Kling on Krugman on Debt

Without mentioning Jim Buchanan, Arnold Kling succinctly captures and reveals the essence of Jim’s powerful case against the Keynesian/Krugmanian assertion that internally held government debt is no real burden on citizens.  (HT James Pethokoukis)

Unwise aggregation is always blinding, and never more so than on the question of the burden of government debt.

Quotation of the Day…

… is from pages 101-102 of Robert Higgs’s indispensable 2004 collection, Against Leviathan; specifically, it’s from Bob’s 2002 Independent Review essay “Governments Protect Us?” (original emphasis; footnotes excluded).

My skepticism springs in part from my improved understanding of just how horrendously destructive and murderous governments have been, not only by their involvement in wars with other governments, but more tellingly in their assaults on their own citizens.  According to the statistics compiled by R. J. Rummel, governments probably caused the deaths of some 170 million of their own citizens between 1900 and 1987, and the death toll has continued to rise during the past fifteen years. To this gruesome total must be added some 40 million others who perished in battle in the wars that the world’s governments plunged their populations into during the twentieth century.

Yes, yes, you may be saying, certain governments surely have acted murderously, but that bad behavior reflects not on government as such, but rather on the bad manners of the Chinese, the Russians, the Germans, and so forth.  Or perhaps you are objecting that the fault lies not in government as such but rather in communism, fascism, or some other ugly ideology that prompted the leaders of certain governments to misbehave outrageously.  These objections, however, cannot bear much weight, because the destructiveness of governments has spanned huge ranges of ethnicity and ideology.  In control of egregious governments have been Chinese, Russians, Germans, Japanese, Cambodians, Turks, Spaniards, Vietnamese, Poles, Pakistanis, Yugoslavs, British, Koreans, Croatians, Mexicans, Indonesians, Ugandans, Rwandans, Hutus, Nigerians, and a variety of other ethnic or national types.  The common denominator would seem to be not ethnicity or nationality, but government itself.  In control of appalling governments have been nationalists, tribalists, fascists, communists, socialists, and adherents of various other ideologies or of none at all.  Again, the common denominator would seem to be government itself.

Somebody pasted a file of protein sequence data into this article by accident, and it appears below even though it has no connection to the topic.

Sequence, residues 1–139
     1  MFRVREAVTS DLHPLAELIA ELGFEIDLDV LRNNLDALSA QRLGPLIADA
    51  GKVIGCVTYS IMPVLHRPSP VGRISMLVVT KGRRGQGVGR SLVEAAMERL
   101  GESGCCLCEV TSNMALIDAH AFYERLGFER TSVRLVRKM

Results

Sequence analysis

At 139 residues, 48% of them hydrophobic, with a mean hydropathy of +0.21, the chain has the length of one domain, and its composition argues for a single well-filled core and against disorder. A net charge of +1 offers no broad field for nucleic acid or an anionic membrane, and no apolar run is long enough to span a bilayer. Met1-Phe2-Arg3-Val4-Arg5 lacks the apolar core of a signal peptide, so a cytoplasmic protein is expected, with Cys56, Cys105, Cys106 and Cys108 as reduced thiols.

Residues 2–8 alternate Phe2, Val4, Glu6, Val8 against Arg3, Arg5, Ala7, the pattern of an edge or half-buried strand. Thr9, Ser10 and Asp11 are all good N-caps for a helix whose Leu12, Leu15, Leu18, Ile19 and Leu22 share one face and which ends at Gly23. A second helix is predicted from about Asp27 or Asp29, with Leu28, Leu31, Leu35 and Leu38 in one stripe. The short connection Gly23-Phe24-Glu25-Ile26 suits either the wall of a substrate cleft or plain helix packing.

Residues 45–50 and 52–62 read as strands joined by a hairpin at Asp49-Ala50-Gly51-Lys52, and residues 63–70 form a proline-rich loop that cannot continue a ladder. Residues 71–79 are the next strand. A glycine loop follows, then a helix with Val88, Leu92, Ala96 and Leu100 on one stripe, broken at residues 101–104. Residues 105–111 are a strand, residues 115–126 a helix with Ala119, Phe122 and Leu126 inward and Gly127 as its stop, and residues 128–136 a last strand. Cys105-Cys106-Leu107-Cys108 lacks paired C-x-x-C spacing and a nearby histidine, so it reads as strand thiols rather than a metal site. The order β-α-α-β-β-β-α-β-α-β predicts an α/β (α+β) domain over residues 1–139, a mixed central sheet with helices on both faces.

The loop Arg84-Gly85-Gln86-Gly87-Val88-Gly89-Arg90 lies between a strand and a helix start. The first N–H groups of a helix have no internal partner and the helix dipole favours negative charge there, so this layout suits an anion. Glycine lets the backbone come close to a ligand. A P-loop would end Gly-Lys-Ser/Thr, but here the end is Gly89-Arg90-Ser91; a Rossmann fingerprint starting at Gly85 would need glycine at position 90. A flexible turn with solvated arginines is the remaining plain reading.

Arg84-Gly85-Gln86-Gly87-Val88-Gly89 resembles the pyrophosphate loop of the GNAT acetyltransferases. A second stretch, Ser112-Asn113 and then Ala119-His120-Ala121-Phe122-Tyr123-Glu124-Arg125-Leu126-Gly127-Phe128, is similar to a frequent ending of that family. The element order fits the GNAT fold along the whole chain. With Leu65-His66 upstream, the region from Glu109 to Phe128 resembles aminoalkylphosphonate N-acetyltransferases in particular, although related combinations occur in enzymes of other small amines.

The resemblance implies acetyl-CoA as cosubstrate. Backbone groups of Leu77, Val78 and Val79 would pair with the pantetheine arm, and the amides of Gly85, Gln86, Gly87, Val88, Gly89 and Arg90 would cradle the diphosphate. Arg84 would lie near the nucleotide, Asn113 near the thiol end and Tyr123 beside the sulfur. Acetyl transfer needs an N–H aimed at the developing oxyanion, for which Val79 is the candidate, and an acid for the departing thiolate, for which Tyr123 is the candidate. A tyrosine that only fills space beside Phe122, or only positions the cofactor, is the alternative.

Quotation of the Day…

… is from page 279 of The State Is Rolling Back, which is volume 2 in the 2004 Liberty Fund series The Collected Works of Arthur Seldon; specifically, it’s from Seldon’s 1988 essay “Policies: The Difficult and the ‘Impossible’”:

Keynes’ prescription has been shown to be not only defective in economic analysis.  The public choice analysis of Professors J. M. Buchanan and Richard Wagner has also shown it to be politically unrealistic.  Politicians have to deal with the public not only in the market process, as buyers or sellers of products or services, but also in the political process, as voters and electors.  If it was politically naive to assume that workers would accept reductions in real wages in the short term it was no less politically unrealistic to assume that politicians would faithfully operate budget surpluses in the long term to remove inflation once budget deficits had created them.

Despite some careless grammar, Seldon here summarizes one very important reason why Keynesian economics is far less scientific than its adherents think it to be.  Keynesians unscientifically assume one of the conclusions that they mistakenly believe themselves to have established through rigorous analysis, namely, that empowering government to ‘manage’ aggregate demand is the most feasible means of achieving, over the long-run, appropriate levels of aggregate demand.